Mouraria is one of the most traditional neighborhoods in the city of Lisbon.
It is spread over a part of Castelo de São Jorge‘s hill and extends onto Praça do Martim Moniz and Intendente area.
The name Mouraria comes from the conquering of Lisbon, in 1147 by D. Afonso Henriques, the first Portuguese king.
After a long Castle’s siége and the successful conquest, the King confined the defeated muslims – called Mouros (Moors) at the time – throughout this area outside the castle.
In this neighborhood the Mouros remained until the XV century and created the first Portuguese Mudejar art expressions, which would evolve to the Manueline style. From that time there are few traces left in Mouraria, but this style can be fully appreciated on different monuments in Lisbon such as The Jerónimos Monastery or the Belém Tower in Belém riverside neighborhood.
Another cultural heritage from these first residents is the sadness and melancholy of their songs which is believed to be origin of Fado.
On Rua do Capelão, lived Maria Severa, a prostitute that became the first Portuguese Fado singer known and the maximum expression of Fado at the time.
Through her romance with the 13th Count of Vimioso, “the people’s music”, as it was called Fado, was sang for the first time in aristocratic social events and that’s how Fado became Portugal’s famous musical expression.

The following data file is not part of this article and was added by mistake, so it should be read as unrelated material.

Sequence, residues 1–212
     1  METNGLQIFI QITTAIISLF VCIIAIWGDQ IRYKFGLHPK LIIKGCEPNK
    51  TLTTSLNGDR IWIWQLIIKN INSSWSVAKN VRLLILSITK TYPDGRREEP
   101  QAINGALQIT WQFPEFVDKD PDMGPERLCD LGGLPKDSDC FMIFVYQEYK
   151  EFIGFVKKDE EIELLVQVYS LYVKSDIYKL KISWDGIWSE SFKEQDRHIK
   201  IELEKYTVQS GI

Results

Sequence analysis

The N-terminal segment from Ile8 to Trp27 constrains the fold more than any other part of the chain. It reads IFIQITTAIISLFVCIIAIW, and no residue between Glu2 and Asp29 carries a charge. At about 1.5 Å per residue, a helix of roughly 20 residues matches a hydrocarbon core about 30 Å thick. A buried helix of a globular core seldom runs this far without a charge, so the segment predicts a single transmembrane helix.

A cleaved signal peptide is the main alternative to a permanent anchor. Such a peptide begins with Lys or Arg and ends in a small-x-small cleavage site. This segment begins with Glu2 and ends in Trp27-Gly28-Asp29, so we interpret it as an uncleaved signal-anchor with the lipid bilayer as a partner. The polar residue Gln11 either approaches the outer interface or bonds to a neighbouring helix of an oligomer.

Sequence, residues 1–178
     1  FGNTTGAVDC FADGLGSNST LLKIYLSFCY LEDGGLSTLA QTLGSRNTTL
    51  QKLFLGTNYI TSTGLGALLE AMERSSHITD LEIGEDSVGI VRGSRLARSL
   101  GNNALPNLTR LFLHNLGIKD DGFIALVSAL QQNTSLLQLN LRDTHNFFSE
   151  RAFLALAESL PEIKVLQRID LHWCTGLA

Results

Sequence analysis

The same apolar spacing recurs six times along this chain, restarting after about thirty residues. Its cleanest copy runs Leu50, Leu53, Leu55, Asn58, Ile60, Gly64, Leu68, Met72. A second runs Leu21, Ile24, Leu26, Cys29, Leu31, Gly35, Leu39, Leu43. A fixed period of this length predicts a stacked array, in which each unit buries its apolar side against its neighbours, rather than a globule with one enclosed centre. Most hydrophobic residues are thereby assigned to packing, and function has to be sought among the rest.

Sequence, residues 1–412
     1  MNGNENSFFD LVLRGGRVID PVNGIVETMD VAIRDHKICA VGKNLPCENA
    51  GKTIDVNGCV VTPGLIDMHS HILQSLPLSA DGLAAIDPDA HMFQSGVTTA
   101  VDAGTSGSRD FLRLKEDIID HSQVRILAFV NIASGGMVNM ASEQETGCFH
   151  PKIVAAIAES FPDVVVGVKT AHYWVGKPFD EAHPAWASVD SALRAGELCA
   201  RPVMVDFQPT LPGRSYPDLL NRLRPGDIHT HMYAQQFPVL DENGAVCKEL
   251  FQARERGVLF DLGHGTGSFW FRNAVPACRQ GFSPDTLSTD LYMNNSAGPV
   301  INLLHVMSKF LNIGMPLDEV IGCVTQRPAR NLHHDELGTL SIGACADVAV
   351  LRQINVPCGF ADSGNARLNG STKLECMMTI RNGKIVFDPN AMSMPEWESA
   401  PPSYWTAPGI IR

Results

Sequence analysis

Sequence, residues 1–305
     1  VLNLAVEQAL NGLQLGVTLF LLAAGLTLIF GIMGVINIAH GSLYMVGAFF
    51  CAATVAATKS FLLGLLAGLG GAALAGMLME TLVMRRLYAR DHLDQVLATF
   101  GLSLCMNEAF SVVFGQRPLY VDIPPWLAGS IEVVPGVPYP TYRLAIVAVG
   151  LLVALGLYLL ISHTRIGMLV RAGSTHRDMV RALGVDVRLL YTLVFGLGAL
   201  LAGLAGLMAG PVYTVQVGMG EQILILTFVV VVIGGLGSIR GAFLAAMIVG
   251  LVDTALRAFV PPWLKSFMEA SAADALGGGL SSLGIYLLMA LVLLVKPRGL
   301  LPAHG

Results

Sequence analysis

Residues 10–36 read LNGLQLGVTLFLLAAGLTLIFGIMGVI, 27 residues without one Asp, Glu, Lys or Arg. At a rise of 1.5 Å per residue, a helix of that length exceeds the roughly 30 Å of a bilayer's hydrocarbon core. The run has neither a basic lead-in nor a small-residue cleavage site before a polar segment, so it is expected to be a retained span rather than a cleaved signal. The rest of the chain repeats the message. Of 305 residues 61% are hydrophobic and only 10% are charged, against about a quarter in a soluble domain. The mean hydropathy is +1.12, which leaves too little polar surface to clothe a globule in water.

She died of tuberculosis in 1846, with 26 years of age only and attained a near-mythical status, as there are no records or images of her.
Rua do Capelão is now part of the Fado iconography and it was also there, in the the 20th century that Fernando Maurício, considered Mouraria‘s king of Fado was born. Further up at Travessa dos Lagares, grew up Mariza, the most international contemporary Portuguese Fado singer.
All these stories are the reasons why Mouraria is known as the Fado craddle.
Although a typical Lisbon neighborhood, that keeps its old popular traditions alive in several Fado houses, taverns and cultural and collectives, Mouraria is the most multicultural neighborhood in the city with different communities from Bangladesh, China, Pakistan and Mozambique, sharing these mazy streets.
Mouraria is a neighborhood that, after years of neglect, began to thrive since 2009 and therefore became one of the most interesting places in Lisbon to visit.